After having attended the webinar last year, we became very interested in testing the tool on a real life transportation project. Our idea began with first identifying a local project and then using elements of the tool prospectively to guide the planning and urban design concept. Various requirements of the criteria were used to holistically visualize the corridor design focusing on elements of the built, social and development environments. A part of historic Route 66 through Springfield was selected for demonstration which is located in an area in need of commercial and residential redevelopment. As there is growing local interest in redeveloping this historic corridor, we took this opportunity to propose one alternative using INVEST.
The overall design concept integrated a thoroughfare with the activities generated by the adjacent context in terms of the land use, building typologies, mobility options, safety, and access; and overall establishing a sense of place and aesthetic environment. Project details included streetscape design, reviving the Route 66 museum, a proposed side path to encourage biking and walking, making existing sign-only bus stops accessible along with provision of bus shelters, improving the intersection by creating pockets of green spaces for the surrounding neighborhood and improving linkage of Route 66 with the State Fairground by establishing a sense of entrance to the fairground and overall place-making. Some of the sustainable features included bioswales, solar panelled bus shelters, solar lights, native vegetation, permeable pavers, and recycled materials.
Courtesy: Springfield-Sangamon County Regional Planning Commission
With the intent to educate and raise awareness about sustainability concepts in transportation, we prepared the project presentation for the Springfield Area Transportation Study (SATS) members comprising of representatives from local, state, and federal agencies and communities that direct and oversee the transportation planning process for the region. The presentation detailed how various requirements under the criteria of the tool are weaved together to envision the corridor development and designed to accommodate or enhance the existing neighborhood, as well as the experience of passers-through and the community at large. Context sensitive approach and visualization showing the transformation of the place with before and after shots provided an effective means of communicating the sustainability goals and benefits to the local communities and influencing their opinions.
Courtesy: Springfield-Sangamon County Regional Planning Commission
As an ambitious MPO, we used our regional perspective to go beyond transportation and regularly required planning process at system planning or suggesting/recommending projects for consideration and project prioritization to a level where we planned and designed the built environment of a specific project with detailed application of the tool as an initiative to show other agencies and communities what the place would look like in a fairly realistic manner. Although many other city governments / municipal departments have undertaken very progressive steps in exploring cutting edge technology and experimenting with thought provoking design ideas in the field of sustainability and transportation at a detailed project level, this is a bit unusual for an MPO to do.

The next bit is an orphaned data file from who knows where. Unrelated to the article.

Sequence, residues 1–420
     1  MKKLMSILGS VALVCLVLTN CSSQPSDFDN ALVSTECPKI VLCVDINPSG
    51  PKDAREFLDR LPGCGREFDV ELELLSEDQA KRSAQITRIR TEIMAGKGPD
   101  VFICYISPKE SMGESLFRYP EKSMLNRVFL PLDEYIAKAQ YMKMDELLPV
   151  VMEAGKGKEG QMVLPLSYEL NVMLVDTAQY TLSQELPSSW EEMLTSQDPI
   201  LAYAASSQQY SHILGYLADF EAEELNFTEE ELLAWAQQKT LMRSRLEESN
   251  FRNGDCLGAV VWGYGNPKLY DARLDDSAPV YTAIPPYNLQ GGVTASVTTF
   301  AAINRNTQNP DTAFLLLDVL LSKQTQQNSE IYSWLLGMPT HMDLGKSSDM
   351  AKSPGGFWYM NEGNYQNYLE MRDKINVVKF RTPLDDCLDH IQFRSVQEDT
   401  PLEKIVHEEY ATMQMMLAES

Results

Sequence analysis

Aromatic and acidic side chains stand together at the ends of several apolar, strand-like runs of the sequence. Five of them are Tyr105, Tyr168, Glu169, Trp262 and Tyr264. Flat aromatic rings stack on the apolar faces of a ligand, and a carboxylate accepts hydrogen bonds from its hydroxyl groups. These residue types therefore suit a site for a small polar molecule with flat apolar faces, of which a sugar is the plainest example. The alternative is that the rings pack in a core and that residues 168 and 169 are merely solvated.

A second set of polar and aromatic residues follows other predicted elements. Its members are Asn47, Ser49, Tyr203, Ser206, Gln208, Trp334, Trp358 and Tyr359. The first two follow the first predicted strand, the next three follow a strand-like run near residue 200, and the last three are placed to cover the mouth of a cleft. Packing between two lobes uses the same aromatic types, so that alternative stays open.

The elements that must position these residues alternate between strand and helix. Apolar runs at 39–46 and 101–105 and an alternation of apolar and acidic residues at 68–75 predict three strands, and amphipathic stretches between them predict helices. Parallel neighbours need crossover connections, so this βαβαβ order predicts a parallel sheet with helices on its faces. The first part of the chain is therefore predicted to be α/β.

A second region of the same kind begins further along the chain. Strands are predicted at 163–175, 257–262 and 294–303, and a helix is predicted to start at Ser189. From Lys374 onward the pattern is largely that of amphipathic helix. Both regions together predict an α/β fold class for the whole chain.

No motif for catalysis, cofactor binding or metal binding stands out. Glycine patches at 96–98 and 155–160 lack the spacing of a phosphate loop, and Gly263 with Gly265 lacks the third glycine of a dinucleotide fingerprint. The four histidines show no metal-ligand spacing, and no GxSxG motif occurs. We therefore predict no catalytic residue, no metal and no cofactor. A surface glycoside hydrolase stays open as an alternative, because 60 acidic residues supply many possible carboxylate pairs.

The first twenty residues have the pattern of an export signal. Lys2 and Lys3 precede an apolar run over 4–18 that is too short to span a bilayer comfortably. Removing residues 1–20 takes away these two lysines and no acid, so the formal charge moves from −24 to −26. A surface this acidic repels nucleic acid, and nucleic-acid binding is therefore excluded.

The MPO process is a powerful platform for improving many aspects of community character. It offers opportunities to explore ideas at various scales and go beyond 2 dimensional GIS mapping to envisioning 3 dimensional built environments. Using a sustainability tool like INVEST, we addressed the qualitative urban/physical design of the project beyond transportation planning to rationalize regional decision making and investment strategies. There is a need to incorporate the ingenuity of 3 dimensional thinking of built form in the mainstream decision-making process within MPOs rather than treating it as an ostensibly external product or as ‘the icing on the cake’ where design solutions are sought after the planning process is over. Through sharing our MPO story at the AMPO conference, we hope to inspire and encourage other MPOs and public sector agencies to emulate such efforts considering non-traditional ways of looking at and playing a role in city / place making. We are very thankful to FHWA for the invitation that made it possible to show our innovative approach through this project, which provoked new ideas and concepts experimented by our staff members.